“Dallas handed me his backpack so I could check on the animals and he went off to find something to lock the doors we came out of, just in case we were still being followed. He was not too far off, and I just stood there watching the ship go up into the sky. I shut off the suit, opened the backpack and the Gotterlots came out, climbing up on my shoulders. One was white and the other two were gray.”

     Suddenly a change came over Leif. His face lost its intense, expressive recounting of the past.

His eyes welled up and the captain suspected what happened next. Over the last three years, she’d read every account of that tragic day on Luna and Gaia. She prodded him, “Leif?”

     “It was so loud. Oh my god, it was so loud.” Tears ran down his cheeks. “As I watched, I heard a popping sound from my right and then the shuttle just split into two. Flames went every which way and then the two halves of the ship just exploded into so many pieces.” He sniffled hard, like he couldn’t catch his breath.

     Captain Lucky felt for the boy. Her own pain welled up from depths she had constantly tried to push back. But this, now, she had no doubts this boy had been there. And as she looked on, he was gasping for air, swallowing it in big gulps with his tears flowing on and on. She had to do something. She looked at the gauges. He was using too much oxygen and his body was taking on a surplus of CO2. On the other side of her screen she saw that the ship had reached equilibrium. She unbuckled herself from her chair, knelt before the boy, pulled his helmet off and put it down. He panicked, but then saw she had taken hers off as well.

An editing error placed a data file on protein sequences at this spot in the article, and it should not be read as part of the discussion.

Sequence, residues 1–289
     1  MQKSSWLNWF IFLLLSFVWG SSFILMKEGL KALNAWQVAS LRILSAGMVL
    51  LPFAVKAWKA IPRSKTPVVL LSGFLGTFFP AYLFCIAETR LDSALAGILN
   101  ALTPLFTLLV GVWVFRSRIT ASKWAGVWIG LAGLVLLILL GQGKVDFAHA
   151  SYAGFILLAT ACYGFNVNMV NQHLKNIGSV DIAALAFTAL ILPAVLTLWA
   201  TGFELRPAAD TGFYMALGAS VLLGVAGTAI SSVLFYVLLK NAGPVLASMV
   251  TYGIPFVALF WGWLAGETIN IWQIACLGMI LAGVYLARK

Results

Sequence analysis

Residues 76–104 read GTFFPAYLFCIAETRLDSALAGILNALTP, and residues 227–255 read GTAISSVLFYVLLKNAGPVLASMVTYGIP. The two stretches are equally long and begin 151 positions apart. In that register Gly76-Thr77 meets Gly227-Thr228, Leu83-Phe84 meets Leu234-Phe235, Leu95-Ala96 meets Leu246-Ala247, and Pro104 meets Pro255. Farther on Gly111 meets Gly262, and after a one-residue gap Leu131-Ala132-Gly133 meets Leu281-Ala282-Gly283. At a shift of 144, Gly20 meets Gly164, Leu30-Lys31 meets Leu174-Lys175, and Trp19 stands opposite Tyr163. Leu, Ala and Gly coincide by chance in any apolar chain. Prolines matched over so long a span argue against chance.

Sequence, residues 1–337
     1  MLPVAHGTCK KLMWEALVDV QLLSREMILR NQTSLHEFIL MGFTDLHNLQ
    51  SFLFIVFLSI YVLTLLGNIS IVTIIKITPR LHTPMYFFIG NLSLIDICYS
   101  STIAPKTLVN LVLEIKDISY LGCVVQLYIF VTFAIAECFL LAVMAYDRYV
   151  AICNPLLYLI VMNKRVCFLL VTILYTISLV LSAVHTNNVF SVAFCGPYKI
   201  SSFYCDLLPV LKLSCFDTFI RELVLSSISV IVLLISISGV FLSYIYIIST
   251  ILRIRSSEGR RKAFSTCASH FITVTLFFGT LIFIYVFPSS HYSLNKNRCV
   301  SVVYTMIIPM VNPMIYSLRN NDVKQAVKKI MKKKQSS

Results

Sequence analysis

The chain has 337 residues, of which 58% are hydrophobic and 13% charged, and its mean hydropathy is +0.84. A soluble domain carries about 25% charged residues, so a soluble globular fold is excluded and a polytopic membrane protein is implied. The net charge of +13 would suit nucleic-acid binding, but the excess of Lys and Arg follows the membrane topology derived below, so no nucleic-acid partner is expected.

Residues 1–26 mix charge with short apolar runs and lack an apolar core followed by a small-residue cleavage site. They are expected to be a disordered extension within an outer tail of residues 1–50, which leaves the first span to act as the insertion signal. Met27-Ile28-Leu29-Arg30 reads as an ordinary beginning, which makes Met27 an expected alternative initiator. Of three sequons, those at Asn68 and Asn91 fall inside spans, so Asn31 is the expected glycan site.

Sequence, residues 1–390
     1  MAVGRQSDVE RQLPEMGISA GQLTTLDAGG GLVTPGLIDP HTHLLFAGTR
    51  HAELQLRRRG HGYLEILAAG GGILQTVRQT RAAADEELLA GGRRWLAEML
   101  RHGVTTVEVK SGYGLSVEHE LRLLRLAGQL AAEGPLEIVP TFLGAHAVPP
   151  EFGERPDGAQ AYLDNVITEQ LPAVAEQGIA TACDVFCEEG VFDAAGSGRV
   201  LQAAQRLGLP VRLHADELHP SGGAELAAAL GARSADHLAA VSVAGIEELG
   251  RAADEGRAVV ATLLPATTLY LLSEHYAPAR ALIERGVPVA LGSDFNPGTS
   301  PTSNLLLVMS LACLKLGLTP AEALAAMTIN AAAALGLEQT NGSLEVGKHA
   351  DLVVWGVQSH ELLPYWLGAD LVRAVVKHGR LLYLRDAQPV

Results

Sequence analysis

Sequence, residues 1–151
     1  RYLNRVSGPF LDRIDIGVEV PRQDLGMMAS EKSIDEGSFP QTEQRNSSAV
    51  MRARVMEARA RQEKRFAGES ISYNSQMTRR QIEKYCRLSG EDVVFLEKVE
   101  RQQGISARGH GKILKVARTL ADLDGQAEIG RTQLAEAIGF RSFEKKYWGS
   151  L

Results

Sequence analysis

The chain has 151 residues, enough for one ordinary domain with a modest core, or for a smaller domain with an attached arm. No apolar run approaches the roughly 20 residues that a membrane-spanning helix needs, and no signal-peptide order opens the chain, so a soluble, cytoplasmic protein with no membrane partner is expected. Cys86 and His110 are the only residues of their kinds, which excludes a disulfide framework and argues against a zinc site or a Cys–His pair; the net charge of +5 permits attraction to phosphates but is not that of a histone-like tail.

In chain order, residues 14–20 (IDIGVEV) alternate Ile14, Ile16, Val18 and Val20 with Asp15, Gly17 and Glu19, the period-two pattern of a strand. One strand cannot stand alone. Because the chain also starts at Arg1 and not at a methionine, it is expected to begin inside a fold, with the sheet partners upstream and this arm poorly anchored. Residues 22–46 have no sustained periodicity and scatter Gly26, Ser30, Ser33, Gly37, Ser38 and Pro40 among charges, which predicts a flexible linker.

As much as Captain Lucky tried not to empathize, the soft inner portion of her heart gave way.  She reached to soothe him with soft words. “It’s in the past,” she said. “It’s behind you. Breathe slowly, Leif.” She opened a drawer next to where they sat and pulled a handkerchief out, wetting it with a tanker of water she had attached to her chair. She handed it to him, motioning for him to wipe his face.

     Leif took it and wiped the pain away. After a few moments, his breathing slowed to normal and he thanked her for her kindness. “I’m okay. I’m sorry. I learned later that none of those ships made it off of Luna in one piece. The Kalize had destroyed everything. Everyone was dead.” His face turned to stone. “My family, my friends, Lyssa.” He wiped his face with his hand. “All of them were lost.”

     “Then how did you survive? What about Dallas?”

     “The blast knocked me down. I hit the ground hard. I didn’t see where Dallas was at first, and then pieces of the ship fell down all around us. I was in shock. I couldn’t believe that everyone I knew and loved was gone.”

     “The Gotterlots had all fearfully climbed back into the backpack. I grabbed the pack in my hand and searched for Dallas, but I couldn’t find him. I just ran away from the wreck that was coming down. Then I heard him screaming my name. He’d been knocked back from the blast like me, but it pushed him between the building and a metal gate. His leg was stuck.”

     As Leif talked, the captain walked over to a wall and pushed her hand onto an outline of a hand on a low part of the wall. The whole wall illuminated. A written message appeared at the top: access granted. “Don’t let me stop you,” she said. “Captain business, is all.” Just then system wide statistics showed up in all parts of the enormous display.